White, who said she was a journalist, broadcaster and TV producer, didn’t want to be recorded or filmed. But she wasn’t shy about sharing her opinions, telling The Standard she believed a network of felons has conspired to make millions of dollars by pretending to be nonprofit workers with Urban Alchemy and other community groups while ignoring those they claim to serve. She even went so far as to say that the workers themselves sell drugs on the streets.

“It’s the new game,” she said, alleging that when formerly incarcerated people get out of prison or jail, they create their own nonprofits in order to get millions in city funds. “Now, we have a city with a $16 billion budget giving money where they want—the money always goes to criminals.”

What prompted White to go to the event was to support the organizer—called SF Anonymous Insider on Eventbrite—and to offer her services as a tour host should the need arise, which it apparently did.

“I was proud of Anonymous,” White said. “I sent them a message online telling them I support their tour. While I was meditating, I thought to myself, ‘I’ll do a tour at the exact same time that says this is how they created this Doom Loop,' in case anyone thinks that Anonymous is some kind of disgruntled city employee lying. I have the pieces to the puzzle, and I can support them.”

When asked flat-out if she was the SF Anonymous Insider, she said she was not.

While White regaled this reporter and the one other attendee about the ills plaguing Downtown, a counter-tour organized by nonprofit Code Tenderloin’s Del Seymour took off around the same time and drew about 80 people.

Seymour—who has hosted walking tours in the Tenderloin for the past 17 years—aimed to emphasize, and even celebrate, the history and diversity of the neighborhood.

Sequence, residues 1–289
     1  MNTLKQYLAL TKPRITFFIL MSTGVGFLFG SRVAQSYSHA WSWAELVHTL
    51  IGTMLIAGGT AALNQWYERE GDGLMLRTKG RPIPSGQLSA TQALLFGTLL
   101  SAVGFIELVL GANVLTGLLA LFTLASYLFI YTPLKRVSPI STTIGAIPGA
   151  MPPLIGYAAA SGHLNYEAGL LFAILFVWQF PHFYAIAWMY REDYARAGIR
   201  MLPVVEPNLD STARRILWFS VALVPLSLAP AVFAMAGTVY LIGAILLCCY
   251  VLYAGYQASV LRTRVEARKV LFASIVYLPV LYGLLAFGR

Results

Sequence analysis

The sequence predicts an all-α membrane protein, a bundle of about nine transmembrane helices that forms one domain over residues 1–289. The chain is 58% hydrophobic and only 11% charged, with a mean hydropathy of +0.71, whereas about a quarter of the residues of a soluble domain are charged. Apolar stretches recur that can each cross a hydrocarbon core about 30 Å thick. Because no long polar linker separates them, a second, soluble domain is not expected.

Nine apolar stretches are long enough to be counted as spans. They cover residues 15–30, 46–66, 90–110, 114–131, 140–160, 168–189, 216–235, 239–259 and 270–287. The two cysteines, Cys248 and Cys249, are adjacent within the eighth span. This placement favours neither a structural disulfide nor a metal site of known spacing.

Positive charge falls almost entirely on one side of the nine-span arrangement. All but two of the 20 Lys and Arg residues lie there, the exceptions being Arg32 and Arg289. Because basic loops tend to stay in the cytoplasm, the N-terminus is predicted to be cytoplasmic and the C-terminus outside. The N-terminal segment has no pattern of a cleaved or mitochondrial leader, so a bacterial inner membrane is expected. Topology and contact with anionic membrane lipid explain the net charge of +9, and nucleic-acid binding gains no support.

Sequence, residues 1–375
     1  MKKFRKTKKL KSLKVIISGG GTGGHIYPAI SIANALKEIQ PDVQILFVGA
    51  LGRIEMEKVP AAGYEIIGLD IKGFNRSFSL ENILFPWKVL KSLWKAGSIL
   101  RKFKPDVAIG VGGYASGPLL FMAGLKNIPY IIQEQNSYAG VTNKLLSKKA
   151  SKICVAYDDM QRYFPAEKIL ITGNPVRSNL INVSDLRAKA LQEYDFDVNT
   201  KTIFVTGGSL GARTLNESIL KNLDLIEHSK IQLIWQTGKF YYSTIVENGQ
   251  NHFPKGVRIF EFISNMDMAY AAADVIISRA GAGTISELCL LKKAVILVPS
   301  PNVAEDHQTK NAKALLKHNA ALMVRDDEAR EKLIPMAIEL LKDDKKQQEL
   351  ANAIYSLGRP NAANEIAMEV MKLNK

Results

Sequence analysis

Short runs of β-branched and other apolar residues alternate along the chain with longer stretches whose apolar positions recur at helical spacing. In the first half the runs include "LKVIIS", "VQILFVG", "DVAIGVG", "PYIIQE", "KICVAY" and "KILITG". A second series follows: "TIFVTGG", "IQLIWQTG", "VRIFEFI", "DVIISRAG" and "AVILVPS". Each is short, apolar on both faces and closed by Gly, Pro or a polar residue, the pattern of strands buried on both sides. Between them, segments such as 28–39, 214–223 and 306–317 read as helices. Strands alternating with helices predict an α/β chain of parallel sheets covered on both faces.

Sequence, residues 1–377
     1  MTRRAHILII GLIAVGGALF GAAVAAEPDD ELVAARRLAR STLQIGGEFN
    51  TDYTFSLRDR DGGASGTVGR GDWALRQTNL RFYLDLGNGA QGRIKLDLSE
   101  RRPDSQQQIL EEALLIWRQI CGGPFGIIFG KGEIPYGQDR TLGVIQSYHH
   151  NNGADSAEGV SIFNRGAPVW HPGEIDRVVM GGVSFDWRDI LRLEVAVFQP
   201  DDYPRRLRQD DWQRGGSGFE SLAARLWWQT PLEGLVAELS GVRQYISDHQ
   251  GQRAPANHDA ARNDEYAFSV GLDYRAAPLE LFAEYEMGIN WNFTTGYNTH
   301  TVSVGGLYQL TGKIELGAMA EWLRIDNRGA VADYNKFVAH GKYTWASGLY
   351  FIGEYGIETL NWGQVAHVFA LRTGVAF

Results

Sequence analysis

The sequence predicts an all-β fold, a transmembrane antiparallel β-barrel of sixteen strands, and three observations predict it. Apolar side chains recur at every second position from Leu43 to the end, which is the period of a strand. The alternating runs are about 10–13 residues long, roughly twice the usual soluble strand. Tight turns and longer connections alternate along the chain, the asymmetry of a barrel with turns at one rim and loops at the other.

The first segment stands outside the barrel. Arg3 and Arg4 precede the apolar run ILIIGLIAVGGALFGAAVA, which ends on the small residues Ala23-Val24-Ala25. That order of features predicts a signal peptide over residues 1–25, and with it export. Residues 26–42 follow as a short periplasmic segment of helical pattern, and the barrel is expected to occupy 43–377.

He said turnout for this peripatetic protest of “Doom Loop” gawking was greater than his usual weekend tours and said the attention brought from SF Anonymous Insider's Event contributed to the popularity.

Dozens of people join the counter-tour celebrating Tenderloin history. | Source: Eddie Sun/The Standard

Some of the counter-tour attendees included organizers who are also involved in the Tenderloin community.

Mel Reyes, a Tenderloin outreach librarian, said the San Francisco Public Library system encouraged staff to participate in the celebratory tour to take the air out of the precipitating “Doom Loop” version.

The counter-tour was still forthcoming about the issues affecting the Tenderloin, including homelessness and drug addiction. But Seymour also highlighted the community’s small businesses and diverse makeup while pointing out city programs such as subsidized housing units in the neighborhood.

Del Seymour of Code Tenderloin hosted the counter-tour. | Source: Eddie Sun/The Standard

Shavonne Allen, who walked with the counter-tour and organizes her own guided walks with the Tenderloin Museum, called the “Doom Loop Tour” marketing heartless.

But, Allen added, she felt reassured to see community groups and the public come together for the “Best of the Tenderloin” tour to dispel the “negative narrative” pushed by the rivaling tour organizers.

Eventbrite and AllEvents—the websites where tickets for the Doom Loop Tour were sold—did not respond to requests for comment by publication time on what their policies are for when tickets are sold to an event that doesn’t happen.